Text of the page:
So really, "reading comic books" is quite like reading another language. English (or what have you) is only part of the package; just as one learns his first language, the "language" of comic books might be its own thing as well, with its own set of rules to learn. This actually sounds obvious, but perhaps it's just the depth and dynamism of comic book storytelling that makes it more than just reading in English, or reading in French, or reading in Japanese—depth and dynamism fluent readers take for granted, but which new, unpracticed readers don't quite expect.

DeBT said...

I think it has something to do with a person's mode of thinking. My mother is extremely capable of thinking with words, and is a wizard at Scrabble and Boggle games, where I can barely string words longer than four letters. Whereas, I can easily "read" pantomime comics of Sergio Aragones or Quino, and she'll be totally lost in the plot of The Arrival:

Part of the inability to read comics might stem from people's inability to properly combine words & pictures together into a cohesive whole. I know my mother likes to read the caption, while barely glancing at the pictures of the characters themselves. She's able to think in words, and I'm able to think in pictures, so naturally comics come easier to me.

What makes me different from other comic readers is that I interpret comics differently. When reading, I convert words to pictures, and pictures into sound. For a long time, I thought everybody else read the same way I did, and it took me a long time to find out this wasn't the case.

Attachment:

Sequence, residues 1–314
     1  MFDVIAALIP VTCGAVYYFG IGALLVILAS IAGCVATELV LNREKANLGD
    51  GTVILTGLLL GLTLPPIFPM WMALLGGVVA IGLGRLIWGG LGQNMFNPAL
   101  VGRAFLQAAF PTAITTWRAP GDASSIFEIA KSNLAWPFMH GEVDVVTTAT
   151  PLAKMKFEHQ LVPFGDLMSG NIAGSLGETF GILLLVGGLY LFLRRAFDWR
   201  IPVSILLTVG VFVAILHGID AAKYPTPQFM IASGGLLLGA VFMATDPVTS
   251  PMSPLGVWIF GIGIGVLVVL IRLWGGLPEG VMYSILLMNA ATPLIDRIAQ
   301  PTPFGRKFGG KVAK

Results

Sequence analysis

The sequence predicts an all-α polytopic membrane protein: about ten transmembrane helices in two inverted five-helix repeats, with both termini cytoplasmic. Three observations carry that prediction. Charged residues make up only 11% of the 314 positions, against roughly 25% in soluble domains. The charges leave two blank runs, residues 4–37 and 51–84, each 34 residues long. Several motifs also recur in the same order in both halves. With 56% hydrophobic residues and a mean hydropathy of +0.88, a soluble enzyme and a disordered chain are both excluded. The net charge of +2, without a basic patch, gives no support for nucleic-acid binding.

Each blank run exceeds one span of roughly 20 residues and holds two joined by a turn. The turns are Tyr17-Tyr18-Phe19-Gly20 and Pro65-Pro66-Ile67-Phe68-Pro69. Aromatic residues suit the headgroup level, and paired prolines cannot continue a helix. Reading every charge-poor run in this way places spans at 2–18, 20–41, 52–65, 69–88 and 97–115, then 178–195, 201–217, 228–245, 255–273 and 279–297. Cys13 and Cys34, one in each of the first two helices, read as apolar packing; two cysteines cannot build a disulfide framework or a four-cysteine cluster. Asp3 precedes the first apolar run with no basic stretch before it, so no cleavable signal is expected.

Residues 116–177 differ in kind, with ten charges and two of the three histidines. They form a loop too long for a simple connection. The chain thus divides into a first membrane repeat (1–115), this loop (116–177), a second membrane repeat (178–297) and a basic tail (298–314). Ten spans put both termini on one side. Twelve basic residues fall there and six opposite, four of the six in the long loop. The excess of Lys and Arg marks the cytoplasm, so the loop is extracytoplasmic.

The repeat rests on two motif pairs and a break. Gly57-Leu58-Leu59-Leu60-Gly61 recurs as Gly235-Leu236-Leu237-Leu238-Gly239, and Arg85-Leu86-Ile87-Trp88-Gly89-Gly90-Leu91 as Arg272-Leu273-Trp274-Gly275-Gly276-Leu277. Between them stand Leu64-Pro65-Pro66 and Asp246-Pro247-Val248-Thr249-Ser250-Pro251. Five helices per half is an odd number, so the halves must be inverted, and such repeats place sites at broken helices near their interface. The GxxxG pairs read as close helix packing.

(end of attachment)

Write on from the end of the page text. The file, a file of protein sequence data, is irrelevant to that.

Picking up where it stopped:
BTW PersonalFailure, Girl Genius can be a little tricky to read at first, due to not being exactly sure where to read next, as I talked about here:

Fortunately, it gets a little easier after the third book, when the Foglios begin to go at their own pace and learned from their mistakes and started putting their balloons in more logical locations. There's also some debate on how American comics are harder to "read" than Japanese comics:

frank said...

comics really are their own language. that being said, in order to fully embrace the medium, a reader has to be somewhat versed in the visual shorthand cartoonists apply. even then, the interpretation is still wide open... no two readers will get the exact same experience. many people see words and images as separate entities...they're either reading all he words and not giving weight to the images or vice versa. those not able to combine the two miss out.

Neil Cohn said...

Thanks for the shout out! I haven't specifically looked at how comic reading changes perception, but I do have evidence that experienced comic readers' brainwaves respond differently to reading comics than less experienced readers. Almost all of my studies seem to show some "fluency" effect like this, but I haven't yet done any testing on tertiary abilities.

There is also some evidence from studies that hint that comic readers have better spatial conception and perceptual skills, but those studies are from pretty long ago and without much detail (they were done in India, of all places).